Given the importance of general education in improving the employment experience of disabled workers (as demonstrated in the analyses of this book), the federal government should explore the possibilities of providing more active support. One could also argue that if the basic goal is to improve the labor market experience of workers with disabilities, subsidized training and education should be made available to all disabled individuals, not only those affiliated with a government cash payment disability program. Improving the labor market experience of a single disabled worker could also provide externalities to the experience of other disabled workers. As employers and fellow workers become more comfortable working alongside the disabled and become more aware of such individuals' capabilities, even more doors would open to disabled workers who follow.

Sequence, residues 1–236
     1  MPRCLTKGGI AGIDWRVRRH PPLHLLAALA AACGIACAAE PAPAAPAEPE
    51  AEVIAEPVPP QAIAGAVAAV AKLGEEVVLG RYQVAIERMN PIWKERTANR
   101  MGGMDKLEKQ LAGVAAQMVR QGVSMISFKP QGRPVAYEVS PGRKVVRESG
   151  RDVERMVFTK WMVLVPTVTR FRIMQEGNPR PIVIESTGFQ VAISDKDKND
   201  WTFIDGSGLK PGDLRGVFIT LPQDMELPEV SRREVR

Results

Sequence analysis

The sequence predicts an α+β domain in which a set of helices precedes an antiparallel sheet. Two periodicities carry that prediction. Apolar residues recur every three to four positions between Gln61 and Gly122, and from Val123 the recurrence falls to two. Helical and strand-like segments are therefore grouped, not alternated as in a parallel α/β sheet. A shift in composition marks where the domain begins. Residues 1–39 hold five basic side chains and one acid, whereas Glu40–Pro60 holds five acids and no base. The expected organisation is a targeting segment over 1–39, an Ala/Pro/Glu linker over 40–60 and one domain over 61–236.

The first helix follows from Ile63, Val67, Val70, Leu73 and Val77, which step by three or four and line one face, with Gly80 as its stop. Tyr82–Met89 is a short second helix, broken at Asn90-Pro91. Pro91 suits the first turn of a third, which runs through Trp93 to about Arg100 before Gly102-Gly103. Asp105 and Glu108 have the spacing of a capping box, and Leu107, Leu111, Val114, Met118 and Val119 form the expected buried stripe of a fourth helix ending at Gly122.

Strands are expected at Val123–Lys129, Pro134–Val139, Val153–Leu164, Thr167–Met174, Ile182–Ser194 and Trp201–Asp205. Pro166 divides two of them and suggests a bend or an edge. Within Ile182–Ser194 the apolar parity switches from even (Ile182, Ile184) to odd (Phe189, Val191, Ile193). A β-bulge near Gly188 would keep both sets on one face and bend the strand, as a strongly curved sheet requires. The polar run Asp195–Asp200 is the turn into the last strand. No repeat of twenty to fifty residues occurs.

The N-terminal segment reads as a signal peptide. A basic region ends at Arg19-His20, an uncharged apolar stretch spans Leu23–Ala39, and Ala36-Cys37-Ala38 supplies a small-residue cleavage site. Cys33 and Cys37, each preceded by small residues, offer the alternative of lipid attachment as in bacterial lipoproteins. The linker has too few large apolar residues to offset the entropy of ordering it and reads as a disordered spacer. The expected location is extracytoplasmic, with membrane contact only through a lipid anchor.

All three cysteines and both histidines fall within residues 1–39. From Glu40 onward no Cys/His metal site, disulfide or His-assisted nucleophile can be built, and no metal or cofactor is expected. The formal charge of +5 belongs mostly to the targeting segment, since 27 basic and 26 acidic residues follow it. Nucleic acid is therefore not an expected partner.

One policy change that seems to have had an unambiguous effect on the characteristics of jobs held by disabled workers is the extension of Medicaid and Medicare for SSI and SSDI recipients who have become ineligible for disability payments. Most part-time jobs do not offer health insurance, but many disabled workers may prefer part-time employment as a means of accommodation for their disability. Due to the extension of Medicaid and Medicare, disabled workers can now consider part-time employment without the risk of losing medical benefits. The results in Chapter 4 support this outcome; disabled workers are increasingly more likely to be employed part-time (versus fulltime), but they are also increasingly more likely to be voluntarily (versus involuntarily) employed on a part-time basis. On the one hand, the extension of Medicaid and Medicare has opened up work opportunities that may improve a disabled worker's life. On the other hand, there is some evidence that part-time jobs are more likely to be marginal, temporary, unstable, and lower-paying (Blank 1990). The government might be able to provide assistance to (particularly, small) employers who want to explore flextime in order to accommodate workers' disabilities in occupations that may not be typical candidates for such scheduling, but that pay more and provide for advancement opportunities within the firm. One step that will likely contribute positively to this effort is the President's ''New Freedom Initiative.''8 This concept calls for the fulfillment of the promise made by the government to people with disabilities through the passage of the ADA; it includes education, home ownership, access, and employment provisions. Expanding telecommuting opportunities is one example: ''The Administration will provide Federal matching funds to states to guarantee low-interest loans for individuals with disabilities to purchase computers and other equipment necessary to telework from home. In addition, legislation will be proposed to make a company's contribution of computer and Internet access for home use by employees with disabilities a tax-free benefit.''9 Given the results in Chapter 4, that flexible work arrangements (i.e., part-time jobs) may be an important aspect of greater employment opportunities for people with disabilities, this proposal holds promise.